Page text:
The literary sources of Nikos Kazantzakis's novels have attracted little scholarly attention, most probably because there are usually few surface markers to direct the reader to any of the sources. Another is the fact that source-texts do not generally belong to the twentieth century, the period of time on which studies of Kazantzakis have focused, and, in some cases, they may require specialized knowledge of classical Greek literature. A third reason is that the novels have only become the object of purely literary studies in recent years. Most of the scholarship on them is focused on the thoughts of the novelist and not the construction of the novelistic text. This study of Καπετάν Μιχάλης (Kapetan Michalis) complements an earlier one in which I attempted to show the importance of Homer, Plato, Dante, and Shakespeare as literary background to Kazantzakis's first successful novel. Here I argue that Homer's Iliad and Shakespeare's Othello are major source-texts for Kapetan Michalis. To the former it owes its main plot structure and some individual themes and from the latter it derived Michalis's jealousy of Polyxingis and the murder of Emine. The hero's complex inner world originates partly in the fusion of these epic and dramatic features. The fact that in the present study I concentrate on certain aspects of the novel, however, does not mean that I underestimate others.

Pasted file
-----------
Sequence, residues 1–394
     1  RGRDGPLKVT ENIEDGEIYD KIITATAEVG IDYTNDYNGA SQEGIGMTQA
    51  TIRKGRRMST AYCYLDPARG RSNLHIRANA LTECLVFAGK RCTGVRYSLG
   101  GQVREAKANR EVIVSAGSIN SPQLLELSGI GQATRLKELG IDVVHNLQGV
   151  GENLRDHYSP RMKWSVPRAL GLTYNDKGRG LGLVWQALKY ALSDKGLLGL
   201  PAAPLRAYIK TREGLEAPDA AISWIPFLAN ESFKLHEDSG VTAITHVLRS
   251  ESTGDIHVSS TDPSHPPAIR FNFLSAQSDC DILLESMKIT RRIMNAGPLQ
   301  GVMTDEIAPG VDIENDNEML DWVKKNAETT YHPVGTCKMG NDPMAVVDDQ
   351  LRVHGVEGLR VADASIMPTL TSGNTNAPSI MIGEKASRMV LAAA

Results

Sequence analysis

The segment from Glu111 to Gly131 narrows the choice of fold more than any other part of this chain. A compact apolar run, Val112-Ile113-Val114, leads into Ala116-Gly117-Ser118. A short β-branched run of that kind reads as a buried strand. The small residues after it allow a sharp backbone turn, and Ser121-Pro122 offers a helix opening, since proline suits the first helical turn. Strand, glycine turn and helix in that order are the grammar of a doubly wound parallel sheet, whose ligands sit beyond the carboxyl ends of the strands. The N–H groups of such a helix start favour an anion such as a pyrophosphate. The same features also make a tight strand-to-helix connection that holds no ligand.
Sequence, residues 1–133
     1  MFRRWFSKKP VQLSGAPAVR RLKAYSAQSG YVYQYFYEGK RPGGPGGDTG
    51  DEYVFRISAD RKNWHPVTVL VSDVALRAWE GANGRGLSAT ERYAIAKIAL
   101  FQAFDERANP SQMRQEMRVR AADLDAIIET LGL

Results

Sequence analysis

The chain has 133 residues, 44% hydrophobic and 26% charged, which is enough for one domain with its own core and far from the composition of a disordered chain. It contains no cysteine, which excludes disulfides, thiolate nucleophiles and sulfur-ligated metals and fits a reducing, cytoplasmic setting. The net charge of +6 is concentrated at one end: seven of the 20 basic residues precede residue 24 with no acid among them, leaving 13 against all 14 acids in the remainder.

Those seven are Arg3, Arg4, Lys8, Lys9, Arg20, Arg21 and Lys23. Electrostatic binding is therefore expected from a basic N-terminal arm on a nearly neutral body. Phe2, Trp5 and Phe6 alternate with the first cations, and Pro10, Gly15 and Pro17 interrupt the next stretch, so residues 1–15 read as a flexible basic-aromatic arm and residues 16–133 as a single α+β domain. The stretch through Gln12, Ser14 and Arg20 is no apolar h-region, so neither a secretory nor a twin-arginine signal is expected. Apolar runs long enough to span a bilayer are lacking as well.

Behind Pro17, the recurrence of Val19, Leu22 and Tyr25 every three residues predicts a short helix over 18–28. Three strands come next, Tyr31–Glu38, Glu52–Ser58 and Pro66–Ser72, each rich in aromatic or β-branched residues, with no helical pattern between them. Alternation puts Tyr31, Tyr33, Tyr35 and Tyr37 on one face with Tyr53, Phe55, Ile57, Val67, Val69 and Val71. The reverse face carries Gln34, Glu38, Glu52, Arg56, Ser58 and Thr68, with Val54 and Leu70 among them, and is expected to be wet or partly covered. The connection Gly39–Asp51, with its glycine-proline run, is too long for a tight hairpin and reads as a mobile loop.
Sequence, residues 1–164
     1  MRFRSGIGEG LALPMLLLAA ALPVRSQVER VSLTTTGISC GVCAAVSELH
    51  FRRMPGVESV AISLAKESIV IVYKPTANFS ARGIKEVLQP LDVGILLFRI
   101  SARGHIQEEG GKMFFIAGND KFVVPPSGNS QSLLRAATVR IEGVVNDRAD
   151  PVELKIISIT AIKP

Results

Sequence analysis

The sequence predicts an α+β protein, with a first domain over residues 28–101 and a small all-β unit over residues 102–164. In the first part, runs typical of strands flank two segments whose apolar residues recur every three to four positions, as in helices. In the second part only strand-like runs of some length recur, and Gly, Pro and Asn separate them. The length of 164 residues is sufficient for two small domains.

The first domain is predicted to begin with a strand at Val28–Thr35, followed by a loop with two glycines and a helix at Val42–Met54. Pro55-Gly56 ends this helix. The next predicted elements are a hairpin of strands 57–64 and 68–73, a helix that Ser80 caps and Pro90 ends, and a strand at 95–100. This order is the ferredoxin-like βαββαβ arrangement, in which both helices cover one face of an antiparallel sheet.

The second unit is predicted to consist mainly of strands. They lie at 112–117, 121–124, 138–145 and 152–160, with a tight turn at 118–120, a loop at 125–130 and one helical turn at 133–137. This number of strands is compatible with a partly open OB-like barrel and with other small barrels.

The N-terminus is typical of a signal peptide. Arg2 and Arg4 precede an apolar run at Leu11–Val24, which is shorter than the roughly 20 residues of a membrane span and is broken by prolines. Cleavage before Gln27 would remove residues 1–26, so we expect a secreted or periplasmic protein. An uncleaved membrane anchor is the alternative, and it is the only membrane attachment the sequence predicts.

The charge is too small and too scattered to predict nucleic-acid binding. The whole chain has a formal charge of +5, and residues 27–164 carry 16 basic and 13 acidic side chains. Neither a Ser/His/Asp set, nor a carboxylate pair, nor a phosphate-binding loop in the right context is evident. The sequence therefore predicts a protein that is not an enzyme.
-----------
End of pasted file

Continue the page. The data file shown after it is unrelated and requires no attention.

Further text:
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pp. 143-172
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